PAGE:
FALL 2010


Instructor:    Gary Kunkel, Associate Professor of Biochemistry

                        406A Biochemistry



                        webpage URL:


Time, location:         Thurs. 2:20-3:10PM, Room 401/403 Biochemistry


Prerequisites:         BICH 441 and BICH/GENE 431, or concurrent enrollment; or approval of instructor



In this course, we will read and discuss papers in biochemistry and molecular genetics that cover research in gene transcription during development.  One student will be the primary discussant for a paper to be presented during each meeting.  The primary discussant should prepare a PowerPoint presentation.  As a primary discussant, you will be expected to provide background leading up to the assigned paper and discuss the impact of this paper on the field. Also, you should review the data and techniques presented in the paper.  The primary discussant will be required to meet with me prior to the presentation in order to go over any questions about the paper or its historical perspective.  In addition, the primary discussant will submit three carefully devised questions that may be used for the in-class quiz (by Tuesday at 5PM preceding your presentation).


It is very important that all class members take part in the discussion, even when you are not the primary discussant.  You will need to be prepared to discuss the papers critically (meaning, that you must read the papers before class).  If you think the data are good or bad, say so, and why.  What controls did the authors present carefully or leave out?  How does the data support various models presented in that paper or other papers that you have read?


At the end of each class session, students will take a short quiz to demonstrate understanding of the assigned paper for the day.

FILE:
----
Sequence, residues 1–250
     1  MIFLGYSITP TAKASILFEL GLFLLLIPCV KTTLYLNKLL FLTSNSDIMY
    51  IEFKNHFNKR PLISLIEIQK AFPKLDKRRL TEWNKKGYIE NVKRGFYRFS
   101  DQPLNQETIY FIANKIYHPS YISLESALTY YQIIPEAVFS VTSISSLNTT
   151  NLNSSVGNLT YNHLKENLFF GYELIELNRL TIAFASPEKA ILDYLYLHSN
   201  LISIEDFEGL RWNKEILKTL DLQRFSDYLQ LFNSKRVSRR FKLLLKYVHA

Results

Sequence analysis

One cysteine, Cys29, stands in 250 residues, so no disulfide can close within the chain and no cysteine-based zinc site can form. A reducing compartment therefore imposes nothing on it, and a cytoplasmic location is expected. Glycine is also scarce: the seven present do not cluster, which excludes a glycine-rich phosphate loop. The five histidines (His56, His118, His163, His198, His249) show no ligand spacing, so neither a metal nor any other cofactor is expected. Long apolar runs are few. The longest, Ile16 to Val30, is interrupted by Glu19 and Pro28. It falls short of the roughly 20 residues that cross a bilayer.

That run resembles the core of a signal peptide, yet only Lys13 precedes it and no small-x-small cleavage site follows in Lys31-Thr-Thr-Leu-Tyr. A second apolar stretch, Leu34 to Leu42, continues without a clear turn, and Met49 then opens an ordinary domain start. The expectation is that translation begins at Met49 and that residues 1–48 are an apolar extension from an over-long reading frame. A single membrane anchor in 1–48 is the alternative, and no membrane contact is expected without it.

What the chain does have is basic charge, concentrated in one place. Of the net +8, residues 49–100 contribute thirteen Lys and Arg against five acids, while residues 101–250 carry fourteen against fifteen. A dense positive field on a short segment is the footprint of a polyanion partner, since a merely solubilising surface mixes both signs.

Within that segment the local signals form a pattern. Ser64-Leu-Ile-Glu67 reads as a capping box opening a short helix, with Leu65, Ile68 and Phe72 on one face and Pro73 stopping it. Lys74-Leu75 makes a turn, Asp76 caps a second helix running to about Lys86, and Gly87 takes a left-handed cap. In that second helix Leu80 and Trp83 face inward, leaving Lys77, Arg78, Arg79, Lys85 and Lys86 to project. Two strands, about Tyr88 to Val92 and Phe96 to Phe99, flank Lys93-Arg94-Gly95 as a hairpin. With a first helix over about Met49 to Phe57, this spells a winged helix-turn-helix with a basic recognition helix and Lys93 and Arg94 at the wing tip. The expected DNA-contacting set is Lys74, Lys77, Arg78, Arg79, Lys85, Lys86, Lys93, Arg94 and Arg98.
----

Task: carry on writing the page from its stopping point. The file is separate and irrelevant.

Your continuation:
Grading will be allocated as follows: (100 pts total)

            performance as primary discussant                                                       40% (40 pts)

            participation in other discussions                                                           20% (20 pts)

            quizzes at end of each class session (4 pts each time)                     40% (44 pts total,

meaning up to four bonus pts)

            each unexcused absence: subtract 5 pts



Making up an excused absence: If you miss a class because of an excused absence, you can make up the quiz for that class by writing a one page summary/critique of the assigned paper for that day.  This document must be submitted no later than one week after the missed class.  It will be graded on a 4 point (maximum) scale.


Letter grades will be assigned based on the following scale: A: 90 points or higher; B: 80-89 points; C: 70-79 points; D: 60-69 points; F: less than 60 points


The American with Disabilities Act (ADA) is a federal anti-discrimination statute that provides comprehensive civil rights protection for persons with disabilities.  Among other things, this legislation requires all students with disabilities be guaranteed a learning environment that provides for reasonable accommodation of their disabilities.  If you believe you have a disability requiring an accommodation, please contact the Department of Student Life for Students with Disabilities in Room 126 of the Koldus Building, or call 845-1637.


Aggie Honor Code: ŇAn Aggie does not lie, cheat, or steal or tolerate those who do.Ó Academic integrity is paramount in all activities during this course.  On each quiz, you will be required to sign a statement acknowledging that you have observed this honor code.  See the Honor Council Rules and Procedures at


Schedule of classes:

September 2: organizational, introduction

September 9: Master regulators: MyoD transcription factor controls myogenesis

September 16: Master regulators: Mitfa controls pigment cell development

September 23: Enhancer for segmentation in Drosophila

September 30: No class

October 7: Wnt signaling – TCF/LEF interaction with b-catenin

October 14: Wnt signaling – b-catenin displaces Groucho repressor

October 21: Role of chromatin methylation during development – bivalent marks

October 28: Role of chromatin methylation – marking during maternal/zygotic transition

November 4: Core transcription machinery can control differentiation

November 11: Stalled RNA polymerase II at many developmental genes

November 18: Chromatin repression by PRC2 complex

November 25: No class – Happy Thanksgiving!

December 2: Peptide control of a transcriptional activator during embryogenesis


Assigned readings are posted on the course page on eLearning.